The Umbrellas of Cherbourg
(Les parapluies de Cherbourg)

Screening on Film
Directed by Jacques Demy.
With Catherine Deneuve, Nino Castelnuovo, Marc Michel.
France/West Germany, 1964, 35mm, color, 92 min.
French with English subtitles.
Print source: Institut Français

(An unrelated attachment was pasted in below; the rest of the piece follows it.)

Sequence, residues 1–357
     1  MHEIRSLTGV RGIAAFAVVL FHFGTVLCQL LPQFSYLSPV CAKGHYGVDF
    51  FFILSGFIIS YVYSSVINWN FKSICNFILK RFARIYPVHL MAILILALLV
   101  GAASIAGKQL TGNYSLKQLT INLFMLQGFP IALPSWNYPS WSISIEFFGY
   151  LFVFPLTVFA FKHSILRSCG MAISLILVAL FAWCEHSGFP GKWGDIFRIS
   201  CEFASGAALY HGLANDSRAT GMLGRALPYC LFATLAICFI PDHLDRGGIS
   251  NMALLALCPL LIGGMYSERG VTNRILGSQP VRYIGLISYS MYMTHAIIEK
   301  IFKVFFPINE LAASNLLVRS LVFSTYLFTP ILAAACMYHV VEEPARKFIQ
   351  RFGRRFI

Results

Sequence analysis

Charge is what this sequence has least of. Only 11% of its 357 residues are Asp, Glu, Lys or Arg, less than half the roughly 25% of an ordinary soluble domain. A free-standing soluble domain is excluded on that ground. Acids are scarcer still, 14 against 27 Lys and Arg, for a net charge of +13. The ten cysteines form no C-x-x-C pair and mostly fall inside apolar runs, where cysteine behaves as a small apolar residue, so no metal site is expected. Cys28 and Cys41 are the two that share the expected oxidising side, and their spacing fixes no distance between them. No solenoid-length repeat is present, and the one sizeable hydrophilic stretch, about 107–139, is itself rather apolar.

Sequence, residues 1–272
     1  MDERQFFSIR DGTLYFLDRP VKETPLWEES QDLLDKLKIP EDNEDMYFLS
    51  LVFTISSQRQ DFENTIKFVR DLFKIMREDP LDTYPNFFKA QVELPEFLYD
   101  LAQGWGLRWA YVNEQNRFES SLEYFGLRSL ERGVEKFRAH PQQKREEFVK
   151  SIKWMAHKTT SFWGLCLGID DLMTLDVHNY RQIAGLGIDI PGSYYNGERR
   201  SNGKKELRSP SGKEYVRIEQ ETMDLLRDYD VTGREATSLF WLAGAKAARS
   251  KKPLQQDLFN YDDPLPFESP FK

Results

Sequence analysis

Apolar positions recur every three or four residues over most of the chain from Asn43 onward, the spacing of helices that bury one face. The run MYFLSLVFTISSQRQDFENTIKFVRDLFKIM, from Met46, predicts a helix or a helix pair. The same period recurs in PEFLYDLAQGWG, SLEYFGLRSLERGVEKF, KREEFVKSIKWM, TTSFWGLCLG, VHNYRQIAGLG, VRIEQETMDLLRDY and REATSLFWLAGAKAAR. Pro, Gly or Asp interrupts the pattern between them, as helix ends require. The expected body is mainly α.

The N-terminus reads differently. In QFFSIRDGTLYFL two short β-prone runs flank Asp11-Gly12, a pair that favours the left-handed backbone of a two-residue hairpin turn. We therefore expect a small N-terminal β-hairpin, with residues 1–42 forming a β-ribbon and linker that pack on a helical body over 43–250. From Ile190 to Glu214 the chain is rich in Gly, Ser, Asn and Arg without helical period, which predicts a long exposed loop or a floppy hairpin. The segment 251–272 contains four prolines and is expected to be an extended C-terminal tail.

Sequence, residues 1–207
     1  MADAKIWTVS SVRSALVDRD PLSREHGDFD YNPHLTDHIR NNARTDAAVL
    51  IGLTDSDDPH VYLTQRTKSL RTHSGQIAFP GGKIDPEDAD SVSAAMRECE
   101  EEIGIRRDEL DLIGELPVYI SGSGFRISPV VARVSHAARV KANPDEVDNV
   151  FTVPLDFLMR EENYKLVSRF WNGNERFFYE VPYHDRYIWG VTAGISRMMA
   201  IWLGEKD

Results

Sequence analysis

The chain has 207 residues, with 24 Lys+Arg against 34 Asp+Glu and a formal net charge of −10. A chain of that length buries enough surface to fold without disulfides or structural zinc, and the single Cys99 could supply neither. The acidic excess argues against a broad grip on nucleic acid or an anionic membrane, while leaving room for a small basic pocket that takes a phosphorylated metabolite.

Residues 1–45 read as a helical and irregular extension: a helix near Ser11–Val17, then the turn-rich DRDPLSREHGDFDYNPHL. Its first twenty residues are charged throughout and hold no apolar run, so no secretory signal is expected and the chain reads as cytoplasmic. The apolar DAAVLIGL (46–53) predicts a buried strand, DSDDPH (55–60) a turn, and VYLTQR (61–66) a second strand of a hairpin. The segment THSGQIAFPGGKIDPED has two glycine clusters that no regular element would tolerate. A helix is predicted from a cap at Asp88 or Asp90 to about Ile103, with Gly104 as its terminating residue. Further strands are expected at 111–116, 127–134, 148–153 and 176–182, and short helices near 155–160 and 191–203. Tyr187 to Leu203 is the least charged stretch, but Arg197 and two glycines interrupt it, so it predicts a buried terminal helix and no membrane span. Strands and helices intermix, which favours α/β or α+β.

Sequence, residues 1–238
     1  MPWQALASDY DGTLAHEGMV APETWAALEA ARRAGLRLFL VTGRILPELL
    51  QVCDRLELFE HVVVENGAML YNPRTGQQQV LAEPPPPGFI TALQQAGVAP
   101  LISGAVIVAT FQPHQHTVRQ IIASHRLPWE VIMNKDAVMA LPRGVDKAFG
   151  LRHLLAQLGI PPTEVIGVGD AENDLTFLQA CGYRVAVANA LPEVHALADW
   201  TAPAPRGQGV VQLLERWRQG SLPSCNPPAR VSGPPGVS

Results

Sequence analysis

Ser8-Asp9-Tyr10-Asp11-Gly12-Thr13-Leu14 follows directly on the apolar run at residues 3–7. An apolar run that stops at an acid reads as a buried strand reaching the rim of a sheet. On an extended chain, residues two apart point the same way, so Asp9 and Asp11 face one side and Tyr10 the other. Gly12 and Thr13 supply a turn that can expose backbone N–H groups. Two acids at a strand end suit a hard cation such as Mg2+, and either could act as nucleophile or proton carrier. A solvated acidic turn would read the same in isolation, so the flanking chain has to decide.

Finally realizing his dream of a romantic tale completely saturated in color and song, Demy created his most critically and popularly successful film and propelled Catherine Deneuve into eternal stardom. His oddly radical departure from the New Wave coda—and certainly any particular film genre—featured dialogue entirely sung in a stunning Technicolor wonderland held within the fluid gaze of Jean Rabier’s camera. Meticulously painting with artifice to describe the heart’s depths, Demy initiates his audience into a heightened sensory experience of the unpredictable social and economic compromises and complications tangled up in modern love. As if transmitting on a parallel frequency, his relentless musical style and candy-colored sensibility infuses the melodrama with another layer of emotional communication—enhancing his cinematic palette to illustrate how ordinary life’s simple encounters, connections and dizzying, dramatic crescendos of underlying emotions take on the rich, dreamy uncanniness of the cinema or the fairy tale, and that their separation is perhaps the actual illusion.

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